but tangled inconsistencies will remain with no timeline yet revealed.

1499 16 pharmaceutical groups yearn for end to vat tangle

The General Department of Taxation (GDT) under the Ministry of Finance (MoF) at last week’s dialogue of the prime minister’s Advisory Council for Administrative Procedure Reform with the European business community and Whitebook 2020 launch said that it is revising Circular No.26/2015/TT-BTC dated 2015 providing guidance on VAT to facilitate medical device importers.

“The circular is amended towards removing the requirement to have import licenses or certification from the Ministry of Health (MoH) that products or goods are medical equipment. It will be aligned with Decree No.169/2018/ND-CP dated 2018, amending and supplementing certain provisions of Decree No.36/2016/ND-CP on management of medical devices,” said a representative of the GDT.

Under decrees 36 and 169, goods or products which meet the requirements as specified in Article 2 and are classified into one of the four types by medical device classification organisations are considered medical equipment. After being granted circulation registration numbers, medical equipment traders have the right to import medical equipment without restriction on the number of times of import and quantity of items, and do not have to ask the MoH to grant import licenses or certify that such products or goods are medical equipment.

In spite of the GDT statement, members of the EuroCham Medical Devices and Diagnostics Sector Committee might have to wait for some time to enjoy the improvement as no timeline for the revision has been announced.

VAT for imported medical devices has been an unsolved issue for years. According to the MoH, it has sent documents to the MoF on several occasions, urging for a solution to help such medical device importers – however, no strong moves have been made so far. At this dialogue, VAT was once again raised amid the upcoming enforcement of the EU-Vietnam Free Trade Agreement, expected in August, urging Vietnam to make changes in prevailing rules, including taxes.

Representatives of the Sector Committee called upon the GDT and the General Department of Customs (GDC) to be consistent in implementing regulations on classification and certification of medical devices, following decrees 36 and 169.

“The GDT and GDC should apply a consistent rate of VAT for imported medical devices; issue a guiding document on applying VAT for imported medical devices as soon as possible; and provide a detailed timeline for amending Circular 26 as soon as possible,” said the representative.

Currently, importers of these equipment are paying a VAT rate of 10 per cent on items which are defined as medical under Decree 36 and should enjoy a 5 per cent VAT rate. The MoF’s customs authorities blamed this on having no basis for applying Decree 36 and guiding documents to apply the lower VAT rate to specialised medical devices and equipment. This is where the regulations have so far stalled. According to Article 1.8 of Circular 26, medical devices are entitled to a VAT rate of 5 per cent. Accordingly, medical equipment and devices and specialised medical supplies under MoH certification are entitled to this tax rate. Meanwhile, Decree 36 and Decree 169 abolished this requirement.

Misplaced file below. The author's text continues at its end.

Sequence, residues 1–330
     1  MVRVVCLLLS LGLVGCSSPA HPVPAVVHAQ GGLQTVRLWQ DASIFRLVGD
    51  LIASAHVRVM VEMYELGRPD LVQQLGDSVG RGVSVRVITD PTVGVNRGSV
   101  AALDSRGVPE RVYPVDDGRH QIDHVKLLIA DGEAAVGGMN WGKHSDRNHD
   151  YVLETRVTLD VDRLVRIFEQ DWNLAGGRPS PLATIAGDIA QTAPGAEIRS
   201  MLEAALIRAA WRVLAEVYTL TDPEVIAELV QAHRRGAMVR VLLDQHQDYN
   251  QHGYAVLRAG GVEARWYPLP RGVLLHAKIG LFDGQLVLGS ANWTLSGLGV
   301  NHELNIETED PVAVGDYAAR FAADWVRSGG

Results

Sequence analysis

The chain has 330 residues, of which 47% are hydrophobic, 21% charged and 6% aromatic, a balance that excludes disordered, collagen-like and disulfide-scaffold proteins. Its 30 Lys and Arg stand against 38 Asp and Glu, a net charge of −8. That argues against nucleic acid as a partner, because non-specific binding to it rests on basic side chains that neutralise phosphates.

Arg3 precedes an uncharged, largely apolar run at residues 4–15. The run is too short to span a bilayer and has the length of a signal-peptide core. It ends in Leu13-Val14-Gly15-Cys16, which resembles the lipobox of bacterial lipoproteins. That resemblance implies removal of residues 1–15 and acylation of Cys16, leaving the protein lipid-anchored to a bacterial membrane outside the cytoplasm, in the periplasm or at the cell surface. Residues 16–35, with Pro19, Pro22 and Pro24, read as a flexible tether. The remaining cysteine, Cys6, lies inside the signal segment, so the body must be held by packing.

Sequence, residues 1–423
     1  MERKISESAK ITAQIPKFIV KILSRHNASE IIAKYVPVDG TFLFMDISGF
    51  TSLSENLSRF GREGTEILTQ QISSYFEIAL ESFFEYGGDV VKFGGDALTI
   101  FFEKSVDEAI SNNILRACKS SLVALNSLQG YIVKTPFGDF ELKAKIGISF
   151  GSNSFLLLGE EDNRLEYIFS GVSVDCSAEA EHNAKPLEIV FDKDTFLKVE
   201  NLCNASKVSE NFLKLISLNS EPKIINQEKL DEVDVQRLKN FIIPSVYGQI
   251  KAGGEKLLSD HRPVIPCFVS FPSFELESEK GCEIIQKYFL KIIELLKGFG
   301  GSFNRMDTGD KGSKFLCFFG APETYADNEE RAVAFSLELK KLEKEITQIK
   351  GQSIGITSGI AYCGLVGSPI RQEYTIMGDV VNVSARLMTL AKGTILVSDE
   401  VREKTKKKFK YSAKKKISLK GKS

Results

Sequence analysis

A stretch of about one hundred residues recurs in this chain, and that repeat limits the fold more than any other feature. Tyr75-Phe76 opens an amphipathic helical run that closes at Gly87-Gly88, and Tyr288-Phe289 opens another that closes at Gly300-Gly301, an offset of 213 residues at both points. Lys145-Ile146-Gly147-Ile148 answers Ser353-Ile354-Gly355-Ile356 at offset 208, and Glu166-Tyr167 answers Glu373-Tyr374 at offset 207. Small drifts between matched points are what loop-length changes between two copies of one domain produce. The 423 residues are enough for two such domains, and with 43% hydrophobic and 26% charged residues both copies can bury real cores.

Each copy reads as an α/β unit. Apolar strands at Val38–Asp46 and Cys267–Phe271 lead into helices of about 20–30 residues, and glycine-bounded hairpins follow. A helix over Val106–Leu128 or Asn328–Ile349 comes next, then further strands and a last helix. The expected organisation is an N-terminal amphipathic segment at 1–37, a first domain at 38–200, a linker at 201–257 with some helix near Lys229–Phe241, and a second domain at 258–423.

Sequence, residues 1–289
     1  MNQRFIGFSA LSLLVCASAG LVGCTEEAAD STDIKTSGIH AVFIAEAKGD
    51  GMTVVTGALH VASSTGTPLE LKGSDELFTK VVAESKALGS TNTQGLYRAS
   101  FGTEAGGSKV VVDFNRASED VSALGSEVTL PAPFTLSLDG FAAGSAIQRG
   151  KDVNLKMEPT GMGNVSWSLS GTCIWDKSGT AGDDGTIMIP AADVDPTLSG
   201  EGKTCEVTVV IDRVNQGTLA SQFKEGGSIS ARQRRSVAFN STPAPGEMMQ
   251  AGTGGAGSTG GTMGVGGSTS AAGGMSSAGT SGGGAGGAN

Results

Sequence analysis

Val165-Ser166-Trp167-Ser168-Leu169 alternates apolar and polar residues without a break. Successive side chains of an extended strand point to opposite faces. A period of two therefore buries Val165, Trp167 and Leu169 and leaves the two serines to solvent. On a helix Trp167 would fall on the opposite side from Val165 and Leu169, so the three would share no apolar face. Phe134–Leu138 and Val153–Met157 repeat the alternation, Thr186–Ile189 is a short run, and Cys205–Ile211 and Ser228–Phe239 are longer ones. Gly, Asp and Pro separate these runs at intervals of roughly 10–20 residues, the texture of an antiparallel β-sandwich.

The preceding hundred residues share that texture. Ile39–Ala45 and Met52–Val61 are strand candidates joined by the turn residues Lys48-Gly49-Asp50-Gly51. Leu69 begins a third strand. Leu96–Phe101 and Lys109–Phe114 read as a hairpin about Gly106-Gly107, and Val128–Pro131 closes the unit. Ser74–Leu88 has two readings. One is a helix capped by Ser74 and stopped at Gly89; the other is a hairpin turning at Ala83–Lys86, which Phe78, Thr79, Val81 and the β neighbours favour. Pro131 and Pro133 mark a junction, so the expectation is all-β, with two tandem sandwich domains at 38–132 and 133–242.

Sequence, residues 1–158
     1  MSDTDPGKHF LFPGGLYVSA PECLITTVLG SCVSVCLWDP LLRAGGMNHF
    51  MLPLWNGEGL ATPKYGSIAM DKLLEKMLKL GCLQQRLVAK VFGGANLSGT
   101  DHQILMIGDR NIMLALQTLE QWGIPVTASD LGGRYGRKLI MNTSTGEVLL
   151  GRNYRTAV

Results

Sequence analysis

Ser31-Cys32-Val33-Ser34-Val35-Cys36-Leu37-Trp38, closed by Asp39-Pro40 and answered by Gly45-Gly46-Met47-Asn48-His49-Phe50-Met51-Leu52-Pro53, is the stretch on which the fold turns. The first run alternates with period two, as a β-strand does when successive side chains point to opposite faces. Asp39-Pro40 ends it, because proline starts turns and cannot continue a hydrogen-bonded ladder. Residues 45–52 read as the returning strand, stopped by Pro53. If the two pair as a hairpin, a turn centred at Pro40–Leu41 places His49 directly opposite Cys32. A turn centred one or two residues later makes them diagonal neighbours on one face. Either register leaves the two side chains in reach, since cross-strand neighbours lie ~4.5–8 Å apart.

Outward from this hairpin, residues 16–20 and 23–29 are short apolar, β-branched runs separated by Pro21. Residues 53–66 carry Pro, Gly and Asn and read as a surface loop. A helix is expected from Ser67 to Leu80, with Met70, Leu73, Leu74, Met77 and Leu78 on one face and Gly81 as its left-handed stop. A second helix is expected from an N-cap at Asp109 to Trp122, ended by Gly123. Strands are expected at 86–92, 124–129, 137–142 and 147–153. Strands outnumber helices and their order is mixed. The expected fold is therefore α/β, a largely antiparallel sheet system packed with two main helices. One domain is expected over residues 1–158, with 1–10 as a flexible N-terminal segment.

Up to now, the MoF’s customs authorities still take the basis of Circular 26 to require imported medical equipment to be certified by the MoH so that enterprises can enjoy the VAT rate of 5 per cent.

Regulatory inconsistencies have caused great difficulties for importers and public hospitals over the last few years.

Members of EuroCham’s Medical Devices and Diagnostics Sector Committee are said to be the largest victims of the problem, with notable brands including Abbott Diagnostics, B.Braun, Bayer, DKSH, GE Healthcare, Philips, Roche Diagnostics, Zuellig Pharma, and many others.

Driven by the growth of investment in medical devices averaging 18 per cent a year, the double-digit growth of the medical devices and diagnostics market, 90 per cent of which is made up of imports, has stimulated multinational companies to better serve the market through investments in a solid local network of partners, with several representative offices. It has also created opportunities for some multinationals to establish local production.

For instance, Siemens Healthineers, part of global industrial conglomerate Siemens, launched ACUSON Redwood at the fourth National Congress of Vietnam Society of Ultrasound for Medicine in the central city of Danang early this year.

This is a new ultrasound system built on the company’s new platform architecture and features advanced applications for greater clinical confidence, AI-powered tools for smart workflow, and shared cardiology features used by different hospital departments.

Elsewhere, Swiss-backed DKSH in March signed an exclusive agreement with Denmark-based Vetaphone to distribute their range of plasma surface treatment solutions in Malaysia, Singapore, and Vietnam. VIR

Thuy Nguyen

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